In the 75th anniversary year of its first performance, the French composer Olivier Messiaen’s only symphony Turangalîla was the focus of the concluding evening of the London Symphony Orchestra’s residency at this year’s Edinburgh International Festival. In fact, it made up half of their programme in Edinburgh; the Orchestra’s two performances earlier in the second week were joined by two discrete events here, Turangalîla itself, and this preceding series of orchestral pieces which illustrated the influences which played upon Messiaen. After opening with the short ‘Fanfare from La Péri’ by Paul Dukas, one of Messiaen’s tutors – and despite his own protestation that “conductors talk too much” – the LSO’s outgoing music director (and incoming conductor emeritus) Sir Simon Rattle gave a very insightful personal introduction to Turangalîla, this “astonishing, wild, brilliant, over-the-top masterpiece”.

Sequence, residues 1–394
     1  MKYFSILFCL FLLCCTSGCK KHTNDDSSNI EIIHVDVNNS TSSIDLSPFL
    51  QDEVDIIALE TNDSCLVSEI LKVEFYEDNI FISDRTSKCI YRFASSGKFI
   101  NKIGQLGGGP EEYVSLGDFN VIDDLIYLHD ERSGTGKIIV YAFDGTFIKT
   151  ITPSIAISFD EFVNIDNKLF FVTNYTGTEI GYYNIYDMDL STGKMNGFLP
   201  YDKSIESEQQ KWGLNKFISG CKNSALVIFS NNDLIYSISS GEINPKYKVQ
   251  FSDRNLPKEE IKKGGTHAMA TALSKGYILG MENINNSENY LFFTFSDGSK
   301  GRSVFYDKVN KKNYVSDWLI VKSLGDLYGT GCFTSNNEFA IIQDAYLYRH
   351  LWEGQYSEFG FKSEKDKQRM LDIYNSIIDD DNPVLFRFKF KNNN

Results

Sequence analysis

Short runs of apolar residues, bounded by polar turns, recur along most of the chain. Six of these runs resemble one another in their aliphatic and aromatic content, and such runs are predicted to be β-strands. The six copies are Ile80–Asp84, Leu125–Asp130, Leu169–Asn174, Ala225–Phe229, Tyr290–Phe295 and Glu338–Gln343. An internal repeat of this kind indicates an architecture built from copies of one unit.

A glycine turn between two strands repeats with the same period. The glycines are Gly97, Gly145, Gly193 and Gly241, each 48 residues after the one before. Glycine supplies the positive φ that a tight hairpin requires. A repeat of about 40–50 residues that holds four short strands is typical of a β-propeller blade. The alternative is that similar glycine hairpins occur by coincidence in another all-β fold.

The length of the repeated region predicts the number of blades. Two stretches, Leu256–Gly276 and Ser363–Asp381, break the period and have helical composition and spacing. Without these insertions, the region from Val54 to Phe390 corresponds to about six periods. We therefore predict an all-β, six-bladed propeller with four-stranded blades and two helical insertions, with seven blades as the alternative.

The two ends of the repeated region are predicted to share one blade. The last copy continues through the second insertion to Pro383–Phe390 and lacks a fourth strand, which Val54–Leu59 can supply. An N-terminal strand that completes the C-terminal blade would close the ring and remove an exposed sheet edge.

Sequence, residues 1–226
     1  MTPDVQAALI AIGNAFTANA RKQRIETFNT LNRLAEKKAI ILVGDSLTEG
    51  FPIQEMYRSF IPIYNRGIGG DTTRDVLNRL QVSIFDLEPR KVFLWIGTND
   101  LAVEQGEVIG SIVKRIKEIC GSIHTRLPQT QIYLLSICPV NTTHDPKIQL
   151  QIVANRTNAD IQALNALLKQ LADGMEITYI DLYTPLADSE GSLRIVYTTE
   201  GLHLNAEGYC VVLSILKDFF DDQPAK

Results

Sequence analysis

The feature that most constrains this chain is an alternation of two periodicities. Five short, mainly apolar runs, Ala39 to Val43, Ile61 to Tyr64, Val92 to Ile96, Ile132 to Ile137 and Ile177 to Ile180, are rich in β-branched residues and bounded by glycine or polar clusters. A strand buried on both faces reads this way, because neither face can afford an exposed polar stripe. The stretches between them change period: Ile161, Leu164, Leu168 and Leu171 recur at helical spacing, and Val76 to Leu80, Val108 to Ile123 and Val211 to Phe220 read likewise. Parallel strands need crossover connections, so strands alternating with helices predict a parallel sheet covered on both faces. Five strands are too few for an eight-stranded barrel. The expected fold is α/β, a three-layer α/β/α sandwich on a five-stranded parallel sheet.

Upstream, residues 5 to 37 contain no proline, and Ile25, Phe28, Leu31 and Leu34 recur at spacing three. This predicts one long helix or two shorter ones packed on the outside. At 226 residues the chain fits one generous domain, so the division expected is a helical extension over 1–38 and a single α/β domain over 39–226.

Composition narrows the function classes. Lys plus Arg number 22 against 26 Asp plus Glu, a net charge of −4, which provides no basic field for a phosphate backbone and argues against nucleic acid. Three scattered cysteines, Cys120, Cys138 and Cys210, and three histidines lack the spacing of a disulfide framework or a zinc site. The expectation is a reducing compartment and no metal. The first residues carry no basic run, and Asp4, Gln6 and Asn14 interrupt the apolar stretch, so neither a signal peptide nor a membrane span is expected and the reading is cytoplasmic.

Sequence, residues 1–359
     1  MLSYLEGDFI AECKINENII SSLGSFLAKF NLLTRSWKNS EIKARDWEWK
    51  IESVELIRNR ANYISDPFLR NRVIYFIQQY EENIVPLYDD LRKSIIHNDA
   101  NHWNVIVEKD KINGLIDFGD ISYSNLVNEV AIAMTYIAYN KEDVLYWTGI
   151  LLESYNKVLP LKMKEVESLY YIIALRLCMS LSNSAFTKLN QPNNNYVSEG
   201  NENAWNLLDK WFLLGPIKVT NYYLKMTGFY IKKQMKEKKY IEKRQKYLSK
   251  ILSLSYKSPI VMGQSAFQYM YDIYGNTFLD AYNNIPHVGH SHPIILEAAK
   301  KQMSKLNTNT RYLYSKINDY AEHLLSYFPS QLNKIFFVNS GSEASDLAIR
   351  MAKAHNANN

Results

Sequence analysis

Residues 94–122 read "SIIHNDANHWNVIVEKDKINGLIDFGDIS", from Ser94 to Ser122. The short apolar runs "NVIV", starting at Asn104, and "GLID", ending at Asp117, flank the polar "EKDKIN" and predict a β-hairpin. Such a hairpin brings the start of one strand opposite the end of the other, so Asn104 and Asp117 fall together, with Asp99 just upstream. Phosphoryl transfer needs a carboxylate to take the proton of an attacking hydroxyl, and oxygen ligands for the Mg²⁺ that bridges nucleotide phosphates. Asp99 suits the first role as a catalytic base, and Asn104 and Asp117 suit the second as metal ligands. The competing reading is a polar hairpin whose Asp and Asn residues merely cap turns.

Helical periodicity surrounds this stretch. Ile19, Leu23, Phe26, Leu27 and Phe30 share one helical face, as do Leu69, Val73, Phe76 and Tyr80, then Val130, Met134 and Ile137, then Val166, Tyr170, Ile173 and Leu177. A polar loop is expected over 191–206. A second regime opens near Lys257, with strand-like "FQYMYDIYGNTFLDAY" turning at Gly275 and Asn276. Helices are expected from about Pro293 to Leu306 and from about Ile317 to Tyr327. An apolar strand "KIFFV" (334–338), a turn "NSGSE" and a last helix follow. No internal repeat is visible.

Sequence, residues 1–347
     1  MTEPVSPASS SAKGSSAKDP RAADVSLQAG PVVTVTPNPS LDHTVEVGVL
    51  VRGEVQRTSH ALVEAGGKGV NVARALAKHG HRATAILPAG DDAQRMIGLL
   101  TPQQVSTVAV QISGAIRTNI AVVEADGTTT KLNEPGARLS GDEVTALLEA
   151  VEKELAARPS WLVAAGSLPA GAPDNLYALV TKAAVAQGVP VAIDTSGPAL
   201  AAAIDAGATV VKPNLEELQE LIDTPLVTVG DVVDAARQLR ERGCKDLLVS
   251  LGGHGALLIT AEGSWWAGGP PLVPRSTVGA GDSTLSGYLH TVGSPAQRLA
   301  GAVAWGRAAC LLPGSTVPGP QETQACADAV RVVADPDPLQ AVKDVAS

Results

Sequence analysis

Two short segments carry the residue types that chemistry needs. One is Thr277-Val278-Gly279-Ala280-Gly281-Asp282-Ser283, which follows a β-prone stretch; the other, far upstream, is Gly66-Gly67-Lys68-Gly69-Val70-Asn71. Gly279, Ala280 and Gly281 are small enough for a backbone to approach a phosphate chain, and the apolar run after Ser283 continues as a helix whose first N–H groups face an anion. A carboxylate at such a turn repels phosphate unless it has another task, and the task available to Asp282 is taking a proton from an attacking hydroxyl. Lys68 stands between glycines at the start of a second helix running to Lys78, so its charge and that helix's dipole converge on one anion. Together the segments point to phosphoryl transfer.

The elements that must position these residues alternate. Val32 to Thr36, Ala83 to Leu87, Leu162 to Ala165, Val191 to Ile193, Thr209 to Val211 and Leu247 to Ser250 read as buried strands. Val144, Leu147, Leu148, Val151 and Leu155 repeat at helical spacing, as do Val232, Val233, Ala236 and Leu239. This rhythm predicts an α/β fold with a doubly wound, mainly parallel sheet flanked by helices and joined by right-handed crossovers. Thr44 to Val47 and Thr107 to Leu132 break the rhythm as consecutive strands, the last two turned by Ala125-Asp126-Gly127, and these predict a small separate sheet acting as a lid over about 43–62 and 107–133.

In conversation with Nicola Benedetti, who was full of admiration for Rattle’s work and his offered support when she was announced as EIF director, he told the audience the second of the works played here, fellow Dukas’ student Darius Milhaud’s ‘La creation du monde’, was the first classical-jazz composition, before even Gershwin’s ‘Rhapsody in Blue’.
After a short break, the full orchestra returned for the centrepiece of the first performance, Claude Debussy’s ‘La Mer’, a striking rendition in which the physical power of the sea, as represented by the music, appeared apparent in the physical movement of the Orchestra themselves. Every ebb and flow of the surf was mirrored by a sea of bow arms rising and falling, the sound crashing and then contained again, a sublime taster of what was to follow later in the evening.